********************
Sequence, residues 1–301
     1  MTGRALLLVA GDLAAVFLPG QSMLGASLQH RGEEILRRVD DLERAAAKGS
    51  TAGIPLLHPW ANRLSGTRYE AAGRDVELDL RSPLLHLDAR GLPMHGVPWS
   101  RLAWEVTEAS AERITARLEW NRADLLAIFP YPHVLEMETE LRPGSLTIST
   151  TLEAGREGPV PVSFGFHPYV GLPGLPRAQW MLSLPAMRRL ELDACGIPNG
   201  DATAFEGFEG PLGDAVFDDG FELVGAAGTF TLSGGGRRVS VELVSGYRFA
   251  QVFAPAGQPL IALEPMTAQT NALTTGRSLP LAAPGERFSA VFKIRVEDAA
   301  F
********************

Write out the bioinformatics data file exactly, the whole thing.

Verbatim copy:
Sequence, residues 1–301
     1  MTGRALLLVA GDLAAVFLPG QSMLGASLQH RGEEILRRVD DLERAAAKGS
    51  TAGIPLLHPW ANRLSGTRYE AAGRDVELDL RSPLLHLDAR GLPMHGVPWS
   101  RLAWEVTEAS AERITARLEW NRADLLAIFP YPHVLEMETE LRPGSLTIST
   151  TLEAGREGPV PVSFGFHPYV GLPGLPRAQW MLSLPAMRRL ELDACGIPNG
   201  DATAFEGFEG PLGDAVFDDG FELVGAAGTF TLSGGGRRVS VELVSGYRFA
   251  QVFAPAGQPL IALEPMTAQT NALTTGRSLP LAAPGERFSA VFKIRVEDAA
   301  F